Nothing against REIT, they are fine investment vehicles and certainly does not require any time/effort commitment. I was fortunately to have parents who got in to the landlord game and I learned from them. I'm actually fairly conservative in my investment style and probably left a lot of money on the table (and a wife that wants a big house).
    Could be worse, my mom does not even know what a money market account is. My day is working his way up the UCSF tenure ladder and hopefully my parents will have nothing to worry about later in life.

  10. #25
    Quote Originally Posted by Strykur View Post
    REITs are not volatile, but not very sexy investment vehicles either since they hedge by going into many rental markets for stability, whereas owning a property in the Bay Area will keep you afloat with the exception of a severe local downturn.
    Sexy investor I definitely am not. The bulk of my shtuff is in vanguard target funds, yawn.

  11. #26
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    Quote Originally Posted by travelingbears View Post
    Pension benefits are worse off now because pensions are a huge financial burden to a company/ organization; it's a huge competitive disadvantage. People are living longer and pensions really put a hindrance in an organization's ability to compete with limited resources.

    While I did work for a company that offered a pension, I have very mixed feelings about pensions and social security overall. Most employees don't have pensions to rely on when they retire; that's where saving for your own retirement (e.g., 401k) come into play.

    I might be in the minority with my feelings, but wanted to offer a different perspective for a healthy conversation.
    On the same note: The expectations of the '50s and especially '90s are entirely unrealistic.

    Those were exceptional times, massive booms with few left behind. Basing expectations on the best of times is a mistake. I feel that "millennials" (the ones who started work during and after the breakdown of expectations) will have a healthy understanding of what to expect (ie little).

    Just my 2 cents.

    FWIW, I asked my grandfather what his investing strategy was when he started. He said, "I knew I wouldn't have a pension, so I invested in companies that would provide a good steady cash flow when I retired." His fist stock buy cost him about 4x the price of the share he bought. He started at Cal the year after we last won the Rose Bowl (as an aside).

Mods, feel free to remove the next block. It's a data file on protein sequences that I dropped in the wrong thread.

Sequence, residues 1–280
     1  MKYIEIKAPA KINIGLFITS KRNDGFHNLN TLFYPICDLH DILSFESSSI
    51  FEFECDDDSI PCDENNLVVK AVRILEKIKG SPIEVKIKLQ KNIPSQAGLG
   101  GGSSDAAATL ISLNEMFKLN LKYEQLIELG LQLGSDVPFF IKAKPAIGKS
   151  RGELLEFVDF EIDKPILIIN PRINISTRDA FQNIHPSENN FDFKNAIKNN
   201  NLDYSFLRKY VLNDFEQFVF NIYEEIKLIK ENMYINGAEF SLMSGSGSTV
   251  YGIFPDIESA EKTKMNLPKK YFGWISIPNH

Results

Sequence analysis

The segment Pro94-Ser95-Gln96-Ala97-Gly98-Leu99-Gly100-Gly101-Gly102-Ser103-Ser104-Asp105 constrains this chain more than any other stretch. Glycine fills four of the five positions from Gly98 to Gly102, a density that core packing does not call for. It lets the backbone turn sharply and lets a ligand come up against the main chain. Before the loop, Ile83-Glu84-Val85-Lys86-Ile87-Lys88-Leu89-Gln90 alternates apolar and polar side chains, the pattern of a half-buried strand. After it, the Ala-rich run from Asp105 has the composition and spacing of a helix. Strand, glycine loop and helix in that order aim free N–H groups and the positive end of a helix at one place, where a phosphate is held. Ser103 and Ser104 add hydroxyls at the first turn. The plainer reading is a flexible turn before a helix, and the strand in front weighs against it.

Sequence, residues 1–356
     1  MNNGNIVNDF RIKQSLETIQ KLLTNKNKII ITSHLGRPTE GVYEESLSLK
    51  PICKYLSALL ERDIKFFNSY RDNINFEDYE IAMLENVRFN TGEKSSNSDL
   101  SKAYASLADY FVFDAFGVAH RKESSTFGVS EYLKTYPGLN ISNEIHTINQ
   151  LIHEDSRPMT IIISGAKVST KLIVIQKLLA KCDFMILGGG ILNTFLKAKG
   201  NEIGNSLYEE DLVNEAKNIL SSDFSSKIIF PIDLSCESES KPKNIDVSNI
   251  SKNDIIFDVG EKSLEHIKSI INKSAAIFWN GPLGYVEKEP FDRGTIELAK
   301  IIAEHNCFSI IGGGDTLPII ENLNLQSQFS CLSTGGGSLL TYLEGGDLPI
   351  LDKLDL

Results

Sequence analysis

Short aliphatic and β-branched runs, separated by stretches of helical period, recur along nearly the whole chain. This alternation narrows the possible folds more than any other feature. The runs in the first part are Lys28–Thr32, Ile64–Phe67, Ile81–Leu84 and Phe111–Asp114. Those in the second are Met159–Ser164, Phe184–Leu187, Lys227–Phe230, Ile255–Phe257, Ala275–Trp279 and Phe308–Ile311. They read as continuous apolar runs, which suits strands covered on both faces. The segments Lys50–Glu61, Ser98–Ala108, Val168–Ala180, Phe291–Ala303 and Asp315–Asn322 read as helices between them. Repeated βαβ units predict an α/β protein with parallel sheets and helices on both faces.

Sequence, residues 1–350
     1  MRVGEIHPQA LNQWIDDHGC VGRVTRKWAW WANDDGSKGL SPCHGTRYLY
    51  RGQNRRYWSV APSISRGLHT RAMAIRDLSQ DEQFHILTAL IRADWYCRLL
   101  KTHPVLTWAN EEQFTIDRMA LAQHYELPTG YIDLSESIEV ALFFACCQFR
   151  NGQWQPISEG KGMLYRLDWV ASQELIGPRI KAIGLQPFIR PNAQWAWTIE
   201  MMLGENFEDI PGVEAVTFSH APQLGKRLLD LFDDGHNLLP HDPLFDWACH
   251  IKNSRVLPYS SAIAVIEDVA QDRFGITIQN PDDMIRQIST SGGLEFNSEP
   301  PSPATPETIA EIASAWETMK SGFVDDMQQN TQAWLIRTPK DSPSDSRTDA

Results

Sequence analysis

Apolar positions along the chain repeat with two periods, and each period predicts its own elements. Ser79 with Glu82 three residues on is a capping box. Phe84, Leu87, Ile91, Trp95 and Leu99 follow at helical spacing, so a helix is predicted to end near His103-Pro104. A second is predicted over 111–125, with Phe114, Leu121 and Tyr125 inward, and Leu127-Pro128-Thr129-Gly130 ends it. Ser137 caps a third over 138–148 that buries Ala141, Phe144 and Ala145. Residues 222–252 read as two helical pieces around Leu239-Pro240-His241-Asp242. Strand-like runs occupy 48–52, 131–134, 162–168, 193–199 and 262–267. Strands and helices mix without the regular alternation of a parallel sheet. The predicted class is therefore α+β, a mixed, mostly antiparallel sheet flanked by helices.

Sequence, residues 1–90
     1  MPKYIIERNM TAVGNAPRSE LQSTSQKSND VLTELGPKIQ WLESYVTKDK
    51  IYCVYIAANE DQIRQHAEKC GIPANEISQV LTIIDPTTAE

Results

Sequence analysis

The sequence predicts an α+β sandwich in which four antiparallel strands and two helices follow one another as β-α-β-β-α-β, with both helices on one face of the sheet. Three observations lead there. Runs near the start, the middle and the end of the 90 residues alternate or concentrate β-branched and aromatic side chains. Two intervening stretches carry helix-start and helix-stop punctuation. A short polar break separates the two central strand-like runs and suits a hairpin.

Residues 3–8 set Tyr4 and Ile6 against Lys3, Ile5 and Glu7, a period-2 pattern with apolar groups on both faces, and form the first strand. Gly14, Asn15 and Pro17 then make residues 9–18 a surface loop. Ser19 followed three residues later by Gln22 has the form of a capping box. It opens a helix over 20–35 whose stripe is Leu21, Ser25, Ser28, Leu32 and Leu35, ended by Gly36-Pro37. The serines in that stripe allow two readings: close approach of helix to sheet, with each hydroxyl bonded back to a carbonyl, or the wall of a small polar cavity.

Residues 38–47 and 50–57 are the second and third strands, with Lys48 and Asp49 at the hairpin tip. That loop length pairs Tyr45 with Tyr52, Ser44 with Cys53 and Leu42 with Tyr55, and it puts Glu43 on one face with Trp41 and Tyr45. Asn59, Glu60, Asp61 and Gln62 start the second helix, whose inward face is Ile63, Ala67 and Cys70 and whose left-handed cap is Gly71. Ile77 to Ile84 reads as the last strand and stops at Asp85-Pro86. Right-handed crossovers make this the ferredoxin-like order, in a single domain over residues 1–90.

12. #27
    Quote Originally Posted by Go!Bears View Post
    We don't get a pension for free. Why do veterans?
    Please. Nothing is free. Our veterans have earned their benefits through service and sacrifice.
    If you want to debate the level of benefits we as a society grant our veterans, fine. But don't imply that those benefits are not earned. Suggest you visit Arlington if this concept is still unclear to you.

  13. #28
    Quote Originally Posted by MarylandBear View Post
    Please. Nothing is free. Our veterans have earned their benefits through service and sacrifice.
    If you want to debate the level of benefits we as a society grant our veterans, fine. But don't imply that those benefits are not earned. Suggest you visit Arlington if this concept is still unclear to you.
    You might want to reread it again if you think that is the tone that I struck. The line you chose to spark your grievance was part of a paragraph: "Why would a pension system give service credit to someone who had not purchased it? In my system we pay 8+% of our salary annually for a year of credit (and it is going up). We don't get a pension for free. Why do veterans?"

    The pension system is giving them years of service credit without service - for free. If you had paid any attention to the rest of the post you might have seen that my point was not that veterans do not deserve pensions but that the Federal government is the agency that that owes them, not a state public pension fund.

  14. #29
    Quote Originally Posted by burritos View Post
    Sexy investor I definitely am not. The bulk of my shtuff is in vanguard target funds, yawn.
    Nothing wrong with that burritos. I bet they outperform 80% of the people in the market. And too, just remember, you are in as opposed to being catatonic

  15. #30
    Like most pensions, the bulk of the benefit accrues near the end years. Federal pensions are geared toward 30 years minimum on the job for civil service - less is much less. Life insurance is supposed to pay for the difference between the pension payout anticipated and the actual payout. However, the feds do not necessarily have a great life insurance policy for active workers - you have to buy in for more.

    For active duty, a better payout - especially if caused by work related incidents. If her death was caused, even a portion, by a work related incident, then there could be a workers comp claims / benefit that would supplement the pension.

    Almost all pensions are now with governmental entities. Almost no private employers have them, unless negotiated by a union, and there are fewer and fewer of those. Pensions all started to be eliminated in the 90s when the accounting people started to require employers to account for their pension liabilities and medical care liabilities on a current basis. So the big hit to all the companies profitability caused employers to eliminate pensions, as the new dot com companies did not have those things, and they were the new economy. That was the end of the pensions. Plus, it made it that much harder to sell your company to someone else, and it made it an easy target to be bought if your pension was fully funded (I think lots of 90s corporate raiding was related to plundering the pension funds - Carl Ichan was a treasure).